A system which provides analytical determination of a plurality of water chemistry parameters with respect to water samples subject to radiological contamination. The system includes a water sample analyzer disposed within a containment and comprising a sampling section for providing predetermined volumes of samples for analysis; a flow control section for controlling the flow through the system; and a gas analysis section for analyzing samples provided by the sampling system. The sampling section includes a controllable multiple port valve for, in one position, metering out sample of a predetermined volume and for, in a second position, delivering the material sample for analysis. The flow control section includes a regulator valve for reducing the pressure in a portion of the system to provide a low pressure region, and measurement devices located in the low pressure region for measuring sample parameters such as pH and conductivity, at low pressure. The gas analysis section which is of independent utility provides for isolating a small water sample and extracting the dissolved gases therefrom into a small expansion volume wherein the gas pressure and thermoconductivity of the extracted gas are measured.

Barney, David M. (Scotia, NY)

1990-01-01T23:59:59.000Z

458

AOCS Analytical Guidelines S 3-64  

Science Conference Proceedings (OSTI)

Methods for the Testing of Epoxidized Oils AOCS Analytical Guidelines S 3-64 Methods Downloads Methods Downloads AOCS DEFINITION Not applicable  SCOPE

459

Moving zone Marangoni drying of wet objects using naturally evaporated solvent vapor  

DOE Patents (OSTI)

A surface tension gradient driven flow (a Marangoni flow) is used to remove the thin film of water remaining on the surface of an object following rinsing. The process passively introduces by natural evaporation and diffusion of minute amounts of alcohol (or other suitable material) vapor in the immediate vicinity of a continuously refreshed meniscus of deionized water or another aqueous-based, nonsurfactant rinsing agent. Used in conjunction with cleaning, developing or wet etching application, rinsing coupled with Marangoni drying provides a single-step process for (1) cleaning, developing or etching, (2) rinsing, and (3) drying objects such as flat substrates or coatings on flat substrates without necessarily using heat, forced air flow, contact wiping, centrifugation or large amounts of flammable solvents. This process is useful in one-step cleaning and drying of large flat optical substrates, one-step developing/rinsing and drying or etching/rinsing/drying of large flat patterned substrates and flat panel displays during lithographic processing, and room-temperature rinsing/drying of other large parts, sheets or continuous rolls of material. 5 figs.

Britten, J.A.

1997-08-26T23:59:59.000Z

460

Balance Calibration and Use in an Analytical Environment ...  

Science Conference Proceedings (OSTI)

... the sources of weighing errors in analytical environments, methodologies for ... to use of balances in an analytical environment where compliance ...

2013-02-19T23:59:59.000Z

Note: This page contains sample records for the topic "analytical development wet" from the National Library of EnergyBeta (NLEBeta).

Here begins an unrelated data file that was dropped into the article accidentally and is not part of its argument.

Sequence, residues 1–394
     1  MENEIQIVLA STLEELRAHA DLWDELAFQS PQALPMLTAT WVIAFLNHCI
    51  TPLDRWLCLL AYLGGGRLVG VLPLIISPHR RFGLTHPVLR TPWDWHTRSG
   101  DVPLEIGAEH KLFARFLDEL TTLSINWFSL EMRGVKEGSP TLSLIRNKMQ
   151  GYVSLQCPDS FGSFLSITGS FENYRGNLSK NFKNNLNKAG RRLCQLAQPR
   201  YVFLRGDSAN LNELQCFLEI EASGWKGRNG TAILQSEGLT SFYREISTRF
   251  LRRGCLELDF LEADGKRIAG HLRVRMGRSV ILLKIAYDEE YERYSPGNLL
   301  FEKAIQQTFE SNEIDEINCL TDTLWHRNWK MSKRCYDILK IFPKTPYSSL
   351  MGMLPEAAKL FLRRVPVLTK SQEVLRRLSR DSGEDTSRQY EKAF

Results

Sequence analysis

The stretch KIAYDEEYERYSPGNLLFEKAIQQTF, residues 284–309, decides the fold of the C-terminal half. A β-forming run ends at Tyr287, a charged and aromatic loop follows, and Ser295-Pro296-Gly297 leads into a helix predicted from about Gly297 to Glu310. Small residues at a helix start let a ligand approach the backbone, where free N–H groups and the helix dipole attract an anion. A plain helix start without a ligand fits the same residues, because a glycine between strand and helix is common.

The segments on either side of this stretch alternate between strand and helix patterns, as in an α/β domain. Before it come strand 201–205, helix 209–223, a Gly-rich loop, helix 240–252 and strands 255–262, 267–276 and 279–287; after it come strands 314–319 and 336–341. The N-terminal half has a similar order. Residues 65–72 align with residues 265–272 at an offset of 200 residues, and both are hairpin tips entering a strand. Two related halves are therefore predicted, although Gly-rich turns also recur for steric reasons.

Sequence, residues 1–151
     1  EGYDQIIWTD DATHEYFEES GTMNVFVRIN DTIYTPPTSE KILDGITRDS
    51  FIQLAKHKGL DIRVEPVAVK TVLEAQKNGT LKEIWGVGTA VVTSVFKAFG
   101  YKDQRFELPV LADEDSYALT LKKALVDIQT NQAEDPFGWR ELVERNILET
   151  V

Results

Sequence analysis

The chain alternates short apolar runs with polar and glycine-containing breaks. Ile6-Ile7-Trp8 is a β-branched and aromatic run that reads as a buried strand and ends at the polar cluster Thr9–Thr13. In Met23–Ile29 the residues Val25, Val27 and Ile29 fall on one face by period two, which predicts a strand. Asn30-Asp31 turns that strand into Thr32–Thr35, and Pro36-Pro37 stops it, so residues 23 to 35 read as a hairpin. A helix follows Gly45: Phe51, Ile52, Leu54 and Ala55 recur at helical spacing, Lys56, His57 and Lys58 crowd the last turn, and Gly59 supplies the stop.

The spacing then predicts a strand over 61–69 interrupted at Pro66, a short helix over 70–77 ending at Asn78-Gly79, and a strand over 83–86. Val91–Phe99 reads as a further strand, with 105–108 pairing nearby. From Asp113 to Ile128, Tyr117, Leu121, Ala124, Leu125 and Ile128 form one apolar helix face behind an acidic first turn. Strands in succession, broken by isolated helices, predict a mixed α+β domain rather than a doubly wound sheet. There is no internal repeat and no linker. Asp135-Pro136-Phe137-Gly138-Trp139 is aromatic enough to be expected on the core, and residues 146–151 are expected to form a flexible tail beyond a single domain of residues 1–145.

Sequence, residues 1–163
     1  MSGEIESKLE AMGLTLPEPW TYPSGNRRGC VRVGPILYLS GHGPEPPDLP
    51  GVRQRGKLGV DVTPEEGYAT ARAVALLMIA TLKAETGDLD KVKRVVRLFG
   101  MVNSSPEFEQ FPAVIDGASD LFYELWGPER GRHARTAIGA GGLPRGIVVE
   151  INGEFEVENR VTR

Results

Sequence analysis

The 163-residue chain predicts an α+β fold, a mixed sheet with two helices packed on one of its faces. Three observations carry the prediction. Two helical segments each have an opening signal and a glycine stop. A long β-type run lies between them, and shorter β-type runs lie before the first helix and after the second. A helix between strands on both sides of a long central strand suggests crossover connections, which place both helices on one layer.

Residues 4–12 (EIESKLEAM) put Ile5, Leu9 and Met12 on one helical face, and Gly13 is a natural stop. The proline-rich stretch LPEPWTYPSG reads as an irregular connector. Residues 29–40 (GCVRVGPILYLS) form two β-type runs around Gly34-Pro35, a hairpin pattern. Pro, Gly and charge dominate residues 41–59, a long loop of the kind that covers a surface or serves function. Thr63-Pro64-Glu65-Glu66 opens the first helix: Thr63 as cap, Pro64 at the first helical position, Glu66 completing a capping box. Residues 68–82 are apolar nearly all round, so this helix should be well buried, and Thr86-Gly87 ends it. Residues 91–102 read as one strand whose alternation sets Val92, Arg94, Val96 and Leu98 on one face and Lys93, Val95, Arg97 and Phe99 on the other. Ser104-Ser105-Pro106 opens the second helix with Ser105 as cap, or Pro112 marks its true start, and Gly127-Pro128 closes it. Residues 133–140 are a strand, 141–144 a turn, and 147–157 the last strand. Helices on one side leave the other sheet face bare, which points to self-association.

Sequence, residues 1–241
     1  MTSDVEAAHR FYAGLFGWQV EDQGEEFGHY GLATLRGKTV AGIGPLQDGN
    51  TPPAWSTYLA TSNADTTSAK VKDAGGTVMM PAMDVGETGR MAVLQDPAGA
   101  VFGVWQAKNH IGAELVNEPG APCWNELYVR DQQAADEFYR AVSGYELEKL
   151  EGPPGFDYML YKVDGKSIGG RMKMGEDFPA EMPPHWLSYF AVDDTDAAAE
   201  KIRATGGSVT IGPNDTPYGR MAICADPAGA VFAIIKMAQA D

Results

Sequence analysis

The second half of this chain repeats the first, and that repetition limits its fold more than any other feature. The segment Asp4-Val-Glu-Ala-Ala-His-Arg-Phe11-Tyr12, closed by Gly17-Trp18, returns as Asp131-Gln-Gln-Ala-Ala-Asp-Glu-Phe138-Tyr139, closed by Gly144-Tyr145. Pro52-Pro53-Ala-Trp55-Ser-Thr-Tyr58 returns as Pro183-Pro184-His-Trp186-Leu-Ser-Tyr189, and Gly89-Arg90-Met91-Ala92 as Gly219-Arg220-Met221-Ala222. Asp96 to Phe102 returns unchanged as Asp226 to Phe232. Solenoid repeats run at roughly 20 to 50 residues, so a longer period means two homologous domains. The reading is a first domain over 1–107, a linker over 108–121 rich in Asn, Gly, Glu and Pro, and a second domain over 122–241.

While these samples are representative of the content of NLEBeta,
they are not comprehensive nor are they the most current set.
We encourage you to perform a real-time search of NLEBeta
to obtain the most current and comprehensive results.


461

(Symposium on the Analytic Hierarchy Process)  

SciTech Connect

The Analytic Hierarchy Process (AHP) is a methodology proposed by T.L. Saaty, USA, in 1977, in finding solutions to unstructured decision problems. This first International Symposium was sponsored by the Systems Engineering Society of China, the Operations Research Society of China, the Operations Research Society of Japan, and the National Science Foundation of the USA. This symposium was held at Tianjin University, Tianjin, China, during September 6--9, 1988. There were more than 160 participants, with about 15 from the United States, 7 from Japan, one from USSR, one from Finland, and one from Canada. During the last three years, this methodology was used extensively in the People's Republic of China by decision makers, and books are published on this topic along with the development of computer software. More than 200 papers seem to be in print. The Program Committee, of which I am a member, recommended to hold the Second International Conference on AHP in 1991 at Pittsburgh, Pennsylvania, USA. The latest developments summarized by computer software experts are relevant to the CO{sub 2} Project and CASE Tools Project at Oak Ridge.

Uppuluri, V.R.R.

1988-09-22T23:59:59.000Z

462

Guided Text Search Using Adaptive Visual Analytics  

SciTech Connect

This research demonstrates the promise of augmenting interactive visualizations with semi- supervised machine learning techniques to improve the discovery of significant associations and insights in the search and analysis of textual information. More specifically, we have developed a system called Gryffin that hosts a unique collection of techniques that facilitate individualized investigative search pertaining to an ever-changing set of analytical questions over an indexed collection of open-source documents related to critical national infrastructure. The Gryffin client hosts dynamic displays of the search results via focus+context record listings, temporal timelines, term-frequency views, and multiple coordinate views. Furthermore, as the analyst interacts with the display, the interactions are recorded and used to label the search records. These labeled records are then used to drive semi-supervised machine learning algorithms that re-rank the unlabeled search records such that potentially relevant records are moved to the top of the record listing. Gryffin is described in the context of the daily tasks encountered at the US Department of Homeland Security s Fusion Center, with whom we are collaborating in its development. The resulting system is capable of addressing the analysts information overload that can be directly attributed to the deluge of information that must be addressed in the search and investigative analysis of textual information.